Daming tongxing baochao: early Ming dynasty bank note. Nanjing, 1375. BEINECKE RARE BOOK AND MANUSCRIPT LIBRARY, YALE UNIVERSITY.
The Ming ? dynasty was established by a peasant rebel who overthrew the Mongol-ruled Yuan ? dynasty (1279–1368). Over the course of the Ming, the Chinese population grew dramatically—and although the Ming court and its bureaucracy grew increasingly ineffectual, trade, agriculture, and the arts flourished.
The Ming dynasty (1368–1644) was a period of dramatic transformation in the Chinese social and political order. The dynasty began with vigorous efforts by the court to consolidate imperial power and authority over the empire with a vision of stable agrarian society and a small, compliant bureaucracy. By the seventeenth century, a series of ineffective and retiring rulers presided over a vast and largely dysfunctional bureaucracy. By this time, Ming society had been thoroughly reshaped by the emergence of a dynamic economy, fed by elaborate market networks, a burgeoning agricultural sector, and flourishing artisan industries. Ming commodities—silk, porcelain, and tea—found their way to major cities around the globe and the increasingly monetized Ming economy was in turn fed by a dramatic influx of silver from Japan, Europe, and the New World.
Zhu, the Hongwu Emperor
The dynasty was founded in 1368 by Zhu Yuanzhang (1328–1398), a military man of peasant origins, driven by desperate poverty to become a Buddhist monk in his youth. In the chaos of the last decades of the Mongol-ruled Yuan dynasty (1279–1368), Zhu rose to the head of a rebel peasant army, his forces competing with other warlord groups in the southeast. In 1356, he succeeded in conquering Nanjing, one of the major urban centers in the region and an important Yuan stronghold. He renamed the city Yingtian, “Responding to Heaven,” a clear signal of his imperial ambitions. In 1368, months before his generals routed Mongol forces from the Yuan capital at Dadu (Beijing), he announced the establishment of the new dynasty, the Ming, meaning “Brilliance.” Some scholars have speculated that the name came from the emperor’s early religious associations with Buddhist millenarian groups.
Much of the early years of the dynasty were preoccupied with military concerns as Zhu consolidated the territorial boundaries of the Ming, driving back Mongol forces to the north and subduing non-Han tribes in Yunnan to the southwest. Under the founder’s reign, the Ming army eventually grew to 1 million soldiers. The ruler’s military concerns were reflected in the reign title that Zhu Yuanzhang chose for himself: Hongwu, or “Grand Martiality.” Although the emperor retained a number of scholarly advisors, many of his top officials were military men, some of whom were granted hereditary titles and were married into the imperial family.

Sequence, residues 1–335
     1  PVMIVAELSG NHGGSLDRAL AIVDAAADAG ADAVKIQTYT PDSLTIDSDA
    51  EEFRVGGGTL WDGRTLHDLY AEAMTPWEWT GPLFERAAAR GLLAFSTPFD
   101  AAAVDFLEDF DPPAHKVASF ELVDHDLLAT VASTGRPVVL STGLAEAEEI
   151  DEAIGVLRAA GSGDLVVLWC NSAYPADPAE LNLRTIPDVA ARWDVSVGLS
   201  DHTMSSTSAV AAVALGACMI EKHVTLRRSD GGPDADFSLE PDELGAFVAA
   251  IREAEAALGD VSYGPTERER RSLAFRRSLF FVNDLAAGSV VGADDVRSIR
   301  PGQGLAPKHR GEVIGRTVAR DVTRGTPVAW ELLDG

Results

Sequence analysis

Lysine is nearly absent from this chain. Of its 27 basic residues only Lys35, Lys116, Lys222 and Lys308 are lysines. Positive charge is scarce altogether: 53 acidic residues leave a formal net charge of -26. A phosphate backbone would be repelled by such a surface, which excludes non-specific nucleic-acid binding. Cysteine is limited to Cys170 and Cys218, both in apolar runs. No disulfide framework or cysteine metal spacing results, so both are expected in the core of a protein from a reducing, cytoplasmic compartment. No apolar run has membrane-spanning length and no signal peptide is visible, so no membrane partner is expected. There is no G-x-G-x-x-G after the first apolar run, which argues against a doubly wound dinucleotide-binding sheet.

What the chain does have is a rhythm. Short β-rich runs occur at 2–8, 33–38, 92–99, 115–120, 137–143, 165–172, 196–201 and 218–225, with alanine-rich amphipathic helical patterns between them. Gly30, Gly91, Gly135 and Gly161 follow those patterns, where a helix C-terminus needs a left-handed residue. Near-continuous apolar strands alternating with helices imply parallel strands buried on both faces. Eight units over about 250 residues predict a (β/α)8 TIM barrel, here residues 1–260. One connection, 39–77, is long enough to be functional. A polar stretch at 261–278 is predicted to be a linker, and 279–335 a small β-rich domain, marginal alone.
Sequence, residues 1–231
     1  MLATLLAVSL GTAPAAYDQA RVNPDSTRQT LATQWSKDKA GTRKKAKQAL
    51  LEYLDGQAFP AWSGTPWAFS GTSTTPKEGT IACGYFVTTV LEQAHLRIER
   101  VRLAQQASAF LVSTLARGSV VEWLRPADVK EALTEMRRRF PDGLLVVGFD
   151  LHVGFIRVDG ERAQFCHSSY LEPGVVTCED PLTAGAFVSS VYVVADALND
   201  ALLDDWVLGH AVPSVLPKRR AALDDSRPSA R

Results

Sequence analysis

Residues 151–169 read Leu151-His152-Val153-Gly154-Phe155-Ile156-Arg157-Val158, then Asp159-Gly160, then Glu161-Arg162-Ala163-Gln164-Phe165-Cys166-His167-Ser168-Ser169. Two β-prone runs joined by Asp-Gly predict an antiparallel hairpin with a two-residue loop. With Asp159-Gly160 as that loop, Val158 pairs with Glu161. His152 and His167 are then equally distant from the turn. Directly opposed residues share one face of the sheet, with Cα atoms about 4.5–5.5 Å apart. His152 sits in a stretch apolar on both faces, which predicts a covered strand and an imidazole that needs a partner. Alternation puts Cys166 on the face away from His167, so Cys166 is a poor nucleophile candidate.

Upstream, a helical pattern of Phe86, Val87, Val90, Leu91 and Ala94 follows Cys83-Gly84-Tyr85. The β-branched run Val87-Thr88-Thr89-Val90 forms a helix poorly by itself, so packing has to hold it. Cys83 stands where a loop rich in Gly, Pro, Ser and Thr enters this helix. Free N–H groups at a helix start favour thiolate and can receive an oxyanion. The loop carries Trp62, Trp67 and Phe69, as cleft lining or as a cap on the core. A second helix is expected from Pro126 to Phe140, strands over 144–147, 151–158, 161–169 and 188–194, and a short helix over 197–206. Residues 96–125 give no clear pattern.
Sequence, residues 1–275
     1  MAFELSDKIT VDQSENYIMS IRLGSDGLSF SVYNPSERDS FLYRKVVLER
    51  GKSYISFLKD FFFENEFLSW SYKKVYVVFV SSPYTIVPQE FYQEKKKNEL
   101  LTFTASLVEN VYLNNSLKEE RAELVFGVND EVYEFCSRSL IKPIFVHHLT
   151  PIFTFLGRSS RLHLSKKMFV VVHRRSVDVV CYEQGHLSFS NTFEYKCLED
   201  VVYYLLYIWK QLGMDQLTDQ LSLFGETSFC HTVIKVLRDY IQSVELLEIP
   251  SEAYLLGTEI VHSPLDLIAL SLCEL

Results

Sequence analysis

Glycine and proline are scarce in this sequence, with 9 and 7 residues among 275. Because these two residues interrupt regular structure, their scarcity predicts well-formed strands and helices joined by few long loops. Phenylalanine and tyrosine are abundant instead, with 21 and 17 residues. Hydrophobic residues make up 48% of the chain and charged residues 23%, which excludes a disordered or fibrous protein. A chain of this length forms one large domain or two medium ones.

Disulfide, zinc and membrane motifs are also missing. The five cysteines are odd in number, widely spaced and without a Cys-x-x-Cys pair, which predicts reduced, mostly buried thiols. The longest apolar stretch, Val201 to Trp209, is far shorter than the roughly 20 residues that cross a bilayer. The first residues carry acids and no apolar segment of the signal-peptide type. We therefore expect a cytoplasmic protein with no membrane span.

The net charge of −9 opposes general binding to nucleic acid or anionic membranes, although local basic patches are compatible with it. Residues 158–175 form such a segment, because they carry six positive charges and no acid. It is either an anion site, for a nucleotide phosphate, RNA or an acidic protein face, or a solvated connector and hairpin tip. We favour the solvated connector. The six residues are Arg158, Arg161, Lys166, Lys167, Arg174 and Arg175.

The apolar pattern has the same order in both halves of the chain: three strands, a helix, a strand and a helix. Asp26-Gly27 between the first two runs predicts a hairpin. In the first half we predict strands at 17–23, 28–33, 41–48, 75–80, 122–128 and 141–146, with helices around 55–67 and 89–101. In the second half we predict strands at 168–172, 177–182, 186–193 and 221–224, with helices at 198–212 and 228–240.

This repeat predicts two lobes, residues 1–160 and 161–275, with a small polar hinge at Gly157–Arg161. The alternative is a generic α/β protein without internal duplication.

Early Ming Institutions
The institutions of the early Ming were built largely along the lines of the preceding Yuan dynasty. A central executive secretariat, directed by a chancellor, oversaw the central government with the six traditional ministries: Rites, Personnel, Revenue, Works, Justice, and War. Based upon the semi-autonomous regional administrative units of the Yuan, the Ming created a layer of provincial governments for the first time in Chinese history. An education system was established to teach Confucian principles and texts at a National University at the capital, with a network of schools in the prefectures and counties. A firm believer in the importance of law, the Hongwu emperor quickly ordered the creation and promulgation of a comprehensive law code.
The civil service examination system, implemented briefly and sporadically under the Yuan, was restored in 1370 as the primary means of civil service recruitment. Like the Yuan system, the curriculum was largely focused upon Song dynasty (960–1279) neo-Confucian teachings and commentaries on the Confucian Canon. The Hongwu emperor was ambivalent towards the examination system, suspending it in frustration after the second examinations in 1373. The system was restored in 1385 and remained in place until the end of the dynasty. The emperor remained deeply frustrated and suspicious of his government officials. He launched frequent and vicious purges of the bureaucracy, the military and the general populace, executing thousands in campaigns that destabilized and frequently paralyzed the young dynasty.
In 1380, the central administration was dramatically changed when the emperor charged the chancellor with treason, executed him, and abolished the position forever. The immediate effect was to transfer an overwhelming administrative burden to the emperor himself. The long-term effect was a less structured relationship between the emperor and his bureaucracy. Soon afterward, the Hongwu emperor appointed a small group of scholars chosen from the top echelons of the bureaucracy to advise him informally and relieve some of his administrative responsibilities. This body eventually evolved into the formalized institution of the Grand Secretariat, which remained at the top of the bureaucratic power structure for the rest of the imperial era.